"One of the hardest parts of photography is being colour blind, I have deutan colour blindness which affects 4 per cent of the world’s population which means I struggle with red, green, blue, purple, grey, brown, pink and yellows.

When colours are mixed together I can’t pick out individual colours which means it’s a challenge sometimes to photograph certain landscapes but I know which colour I see and what it actually should be so I get by with it so don’t let anything like that put you off. 

My interest in photography started when I was a teenager out doing hillwalking and hill running. I always liked to have a camera with me and just fire off some shots, one of the reasons I think I mostly shoot landscape and night photography is due to my love of the outdoors.

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My photography journey really started three and a half years ago when I bought my first DSLR camera, entry level basic model but the first one I owned with interchangeable lenses.

I joined various Facebook photography groups to learn the basics, regularly went up the Afton Reservoir, New Cumnock, four to five times a month and just shot the same scenes over and over till I was happy with that scene, then moved onto the next, within a year I had bought a second camera, a more professional full frame camera to further my hobby.

I started venturing further afield out-with Ayrshire to areas in Glasgow, Loch Lomond, Galloway Forest Park etc. Some people think I’m mad heading out to remote places late at night to photograph but you're almost guaranteed to have the place to yourself, peace, quiet, tranquillity and above all the best time to photograph.

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When COVID-19 and lockdown occurred it, I had to change the way I went about my photography, instead of travelling miles I had to get creative and shoot in my home town, good thing was I found many hidden gems right on my doorstep that I wouldn’t have looked at otherwise.

In 2018, I entered the Cumnock Chronicle Camera Club competition which I subsequently won with a shot I took down at the Barony A Frame using burning steel wool, a whisk, a dog lead and long exposure settings. 2018 also saw Muirkirk Community Council use my photos (which I donated for free) for their community Christmas cards, they ordered 500 from a local printing company and thankfully sold 500 which was really good, I believe the profit they made went towards a defibrillator for the community.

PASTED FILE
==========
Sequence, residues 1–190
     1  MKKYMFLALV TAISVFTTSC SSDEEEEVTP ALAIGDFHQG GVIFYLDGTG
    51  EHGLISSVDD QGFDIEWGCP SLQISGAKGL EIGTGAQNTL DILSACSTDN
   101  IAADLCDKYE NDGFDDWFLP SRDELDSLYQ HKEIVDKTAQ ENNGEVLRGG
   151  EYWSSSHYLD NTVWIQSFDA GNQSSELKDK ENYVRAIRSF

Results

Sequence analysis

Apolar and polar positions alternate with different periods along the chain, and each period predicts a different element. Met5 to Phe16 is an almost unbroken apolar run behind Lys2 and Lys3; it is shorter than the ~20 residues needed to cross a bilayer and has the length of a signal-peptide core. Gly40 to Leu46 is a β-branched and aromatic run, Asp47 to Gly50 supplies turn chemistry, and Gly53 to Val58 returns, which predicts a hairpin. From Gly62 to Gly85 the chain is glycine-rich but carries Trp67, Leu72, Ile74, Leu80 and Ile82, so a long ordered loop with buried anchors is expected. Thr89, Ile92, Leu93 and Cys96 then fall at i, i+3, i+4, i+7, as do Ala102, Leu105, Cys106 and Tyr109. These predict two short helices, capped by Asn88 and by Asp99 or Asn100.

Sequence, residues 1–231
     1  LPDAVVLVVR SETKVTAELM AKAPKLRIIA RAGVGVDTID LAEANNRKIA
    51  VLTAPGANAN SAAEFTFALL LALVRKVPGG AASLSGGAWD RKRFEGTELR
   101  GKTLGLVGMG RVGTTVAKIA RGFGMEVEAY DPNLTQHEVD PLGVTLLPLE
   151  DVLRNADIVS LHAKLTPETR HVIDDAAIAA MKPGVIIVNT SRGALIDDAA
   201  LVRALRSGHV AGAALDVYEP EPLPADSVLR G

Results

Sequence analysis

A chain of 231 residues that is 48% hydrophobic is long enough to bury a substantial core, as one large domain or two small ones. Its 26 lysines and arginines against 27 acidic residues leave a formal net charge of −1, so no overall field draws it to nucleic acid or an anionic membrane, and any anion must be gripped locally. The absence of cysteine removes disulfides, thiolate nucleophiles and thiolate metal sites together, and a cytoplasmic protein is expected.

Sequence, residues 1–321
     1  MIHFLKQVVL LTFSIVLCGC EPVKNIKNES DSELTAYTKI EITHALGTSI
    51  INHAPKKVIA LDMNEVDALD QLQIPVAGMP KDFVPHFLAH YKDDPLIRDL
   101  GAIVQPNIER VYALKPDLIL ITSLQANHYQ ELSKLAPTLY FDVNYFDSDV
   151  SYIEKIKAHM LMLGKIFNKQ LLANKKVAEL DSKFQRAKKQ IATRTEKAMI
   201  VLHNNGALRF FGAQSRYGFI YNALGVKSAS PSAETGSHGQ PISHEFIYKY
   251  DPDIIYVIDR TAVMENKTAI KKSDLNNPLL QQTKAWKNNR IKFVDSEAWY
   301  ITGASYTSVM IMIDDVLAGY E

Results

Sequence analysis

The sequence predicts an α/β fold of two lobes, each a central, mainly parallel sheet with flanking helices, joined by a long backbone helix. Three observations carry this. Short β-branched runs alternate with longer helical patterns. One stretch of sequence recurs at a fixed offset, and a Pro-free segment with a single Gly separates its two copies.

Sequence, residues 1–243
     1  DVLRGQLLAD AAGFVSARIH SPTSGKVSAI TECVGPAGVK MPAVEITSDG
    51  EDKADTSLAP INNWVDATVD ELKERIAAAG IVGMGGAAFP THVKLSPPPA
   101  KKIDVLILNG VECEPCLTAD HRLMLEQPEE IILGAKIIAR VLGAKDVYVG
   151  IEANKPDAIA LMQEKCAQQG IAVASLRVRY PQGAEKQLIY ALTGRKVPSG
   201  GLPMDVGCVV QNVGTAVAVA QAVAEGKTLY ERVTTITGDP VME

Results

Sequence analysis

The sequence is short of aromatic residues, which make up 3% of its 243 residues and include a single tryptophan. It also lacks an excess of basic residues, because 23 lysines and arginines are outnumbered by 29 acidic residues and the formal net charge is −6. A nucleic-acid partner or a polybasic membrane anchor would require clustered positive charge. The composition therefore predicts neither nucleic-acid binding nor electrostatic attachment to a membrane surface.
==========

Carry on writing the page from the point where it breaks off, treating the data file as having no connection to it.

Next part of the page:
Last year saw me delve into calendars for the first time, producing, along with another local photographer Neil Given, a calendar called Muirkirk Landscapes.

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We were talked into it by a few members of the community, starting off mid-November which was really late to start producing a calendar we initially ordered 60 calendars and to our surprise we sold them all within two weeks.

We will be producing another Muirkirk Landscapes calendar for 2021 and possibly an East Ayrshire landscape calendar as well, incorporating the villages around where we live. COVID-19 has had an adverse effect on these plans though as, with travel being restricted, we haven’t managed to shoot together since March and therefore travel to the villages we’re planning on featuring in the calendar. Hopefully in the next few months we’ll get out and get the scenes shot for both calendars.

I’ve mostly commented on my landscape photography which I love doing but my favourite is shooting the Milky Way galaxy. In the Northern Hemisphere we have a small window of opportunity to see and photograph it.

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Scottish weather, cloud cover, moon phase all play a part in seeing and shooting the night sky. The best time is the beginning of June til mid August for the Milky Way.

One of my favourite places to photograph the night sky is the Galloway Forest Dark Sky Park, if you’ve never been I highly recommend it, especially from Loch Bradan, Clatteringshaws Loch to Loch Trool. All stunning places during the day but amazing under a clear moonless night.

You can’t beat the feeling of setting up your camera gear, clicking the shutter button, waiting 15-20 seconds for the camera to do the long exposure shot and waiting on the results on the back of the camera and seeing the Milky Way pop on the screen. It’s well worth the drive and late nights or early mornings to get the results.

Some shoots I’ll come home, sit the camera backpack down and vow not to touch it again, but next day, mood has changed, I’ll go out a few nights later and try again. I won’t always get the shots I want. I’ll have good days and bad days but my advice for anything is just keep trying and the results will come eventually.”

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